Trauma is defined as any type of distressing event or experience that can have an impact on a person’s ability to cope and function. According to the National Institute of Mental Health (NIMH), teen trauma, also known as childhood trauma, is defined as “the experience of an event by a child that is emotionally painful or distressful, which often results in lasting mental and physical effects.” Teenage trauma can be caused by ongoing stress (e.g., bullying, domestic violence, childhood neglect, etc.), one-time events (e.g., a violent attack, an accident, sudden injury, etc.), or life-changing events (e.g., sudden death of a loved one). Any experience that threatens an adolescent’s sense of security and leaves a young person feeling overwhelmed and isolated can be traumatic. The Boston Children’s Hospital conducted a study that found sixty-one percent of young people (age 13 to 17) had been exposed to at least one traumatic event in their lifetime, and nineteen percent had experienced three or more traumatic events in their lifetime.
Untreated trauma, that occurs at any age, can lead to post-traumatic stress disorder (PTSD), which is listed in the Diagnostic and Statistical Manual of Mental Disorders, Fifth Edition (DSM-5). PTSD is defined by the Mayo Clinic as “a mental health condition that’s triggered by a terrifying event—either experiencing it or witnessing it.” According to the National Alliance on Mental Illness, approximately ten percent of women and five percent of men are likely to experience PTSD at some point in their lifetimes. The impact of untreated teenage trauma can lead to an array of additional unwanted consequences that can last well into adulthood. When childhood trauma is left untreated, adults are likely to:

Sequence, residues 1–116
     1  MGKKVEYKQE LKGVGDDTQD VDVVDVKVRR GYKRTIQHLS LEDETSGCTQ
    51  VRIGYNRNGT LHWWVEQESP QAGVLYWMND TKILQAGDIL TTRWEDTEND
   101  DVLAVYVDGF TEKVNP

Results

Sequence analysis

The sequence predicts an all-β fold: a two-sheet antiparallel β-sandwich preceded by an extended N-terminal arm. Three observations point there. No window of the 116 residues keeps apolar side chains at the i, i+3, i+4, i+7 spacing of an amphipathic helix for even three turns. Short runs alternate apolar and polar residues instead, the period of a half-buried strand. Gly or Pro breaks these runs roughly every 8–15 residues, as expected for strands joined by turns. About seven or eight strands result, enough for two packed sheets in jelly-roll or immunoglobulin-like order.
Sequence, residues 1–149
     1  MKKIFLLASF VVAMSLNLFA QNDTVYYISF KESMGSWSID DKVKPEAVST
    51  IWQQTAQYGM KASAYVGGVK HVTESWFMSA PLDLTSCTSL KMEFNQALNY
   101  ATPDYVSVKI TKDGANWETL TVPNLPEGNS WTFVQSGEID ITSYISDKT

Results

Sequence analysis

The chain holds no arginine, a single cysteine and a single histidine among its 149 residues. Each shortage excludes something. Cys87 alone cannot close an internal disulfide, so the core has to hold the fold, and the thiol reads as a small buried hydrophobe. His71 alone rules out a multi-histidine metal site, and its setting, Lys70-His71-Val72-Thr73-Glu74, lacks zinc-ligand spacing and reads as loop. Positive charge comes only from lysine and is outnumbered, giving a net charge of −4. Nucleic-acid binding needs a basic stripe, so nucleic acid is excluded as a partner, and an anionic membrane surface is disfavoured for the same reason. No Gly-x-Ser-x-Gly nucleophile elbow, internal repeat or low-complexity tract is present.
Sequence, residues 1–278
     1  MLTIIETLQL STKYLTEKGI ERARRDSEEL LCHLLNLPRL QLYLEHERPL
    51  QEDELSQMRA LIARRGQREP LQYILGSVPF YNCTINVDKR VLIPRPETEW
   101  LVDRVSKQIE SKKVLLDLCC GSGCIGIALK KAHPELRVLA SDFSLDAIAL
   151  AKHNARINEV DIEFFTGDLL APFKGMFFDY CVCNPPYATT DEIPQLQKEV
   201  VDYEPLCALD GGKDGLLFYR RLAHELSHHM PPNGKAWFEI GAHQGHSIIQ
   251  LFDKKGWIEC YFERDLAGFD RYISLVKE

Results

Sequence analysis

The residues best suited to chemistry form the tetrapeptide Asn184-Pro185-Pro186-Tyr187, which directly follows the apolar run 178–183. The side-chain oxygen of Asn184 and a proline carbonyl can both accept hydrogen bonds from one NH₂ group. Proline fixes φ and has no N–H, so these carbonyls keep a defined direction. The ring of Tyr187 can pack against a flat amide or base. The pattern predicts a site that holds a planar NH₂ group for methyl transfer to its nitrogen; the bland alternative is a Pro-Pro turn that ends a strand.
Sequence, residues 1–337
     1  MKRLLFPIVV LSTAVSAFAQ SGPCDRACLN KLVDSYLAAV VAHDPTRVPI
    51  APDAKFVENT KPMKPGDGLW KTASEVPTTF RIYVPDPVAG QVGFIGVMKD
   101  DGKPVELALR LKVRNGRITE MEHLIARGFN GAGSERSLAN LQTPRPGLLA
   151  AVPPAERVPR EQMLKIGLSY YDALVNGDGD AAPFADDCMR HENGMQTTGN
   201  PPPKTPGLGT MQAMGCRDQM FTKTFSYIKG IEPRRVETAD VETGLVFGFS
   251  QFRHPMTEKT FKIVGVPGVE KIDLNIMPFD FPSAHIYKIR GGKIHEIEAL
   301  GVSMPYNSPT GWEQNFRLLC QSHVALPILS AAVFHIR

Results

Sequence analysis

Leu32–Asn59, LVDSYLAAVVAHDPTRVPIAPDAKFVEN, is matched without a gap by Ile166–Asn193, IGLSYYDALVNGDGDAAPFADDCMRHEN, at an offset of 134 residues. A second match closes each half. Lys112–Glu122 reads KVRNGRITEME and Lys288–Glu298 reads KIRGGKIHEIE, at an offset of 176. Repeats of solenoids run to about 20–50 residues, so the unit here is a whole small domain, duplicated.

- Deny the experience
- Have unpredictable emotions
- Experience flashbacks
- Have strained relationships with others
- Become distrustful of others and themselves
- Become impulsive
- Experience physical symptoms (e.g., headaches, nausea, etc.)
Unaddressed or ignored teenage trauma will inform adolescent behaviors, as well as the way in which a person matures and subsequently behaves in adulthood. Further, Psychology Today asserts that untreated trauma has the propensity to cause permanent changes in the brain, producing corresponding shifts in intelligence, emotional reactivity, happiness, sociability, more. Untreated childhood trauma has been repeatedly linked to the development of personality disorders and maladaptive personality traits.
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Every family in need of mental health treatment must select a program that will best suit the needs of their family. When one member of a family struggles, it impacts everyone in the family unit. To maximize the benefits of treatment we work closely with the entire family to ensure that everyone is receiving the support they need through these difficult times.
Seeking help is never easy, but you are not alone! If you or someone you know needs mental health treatment, we strongly encourage you to reach out for help as quickly as possible. It is not uncommon for many mental health difficulties to impact a person’s life, long term. Pursuing support at the beginning of one’s journey can put the individual in the best position to learn how to manage themselves in a healthy way so they can go on to live happy and fulfilling lives.
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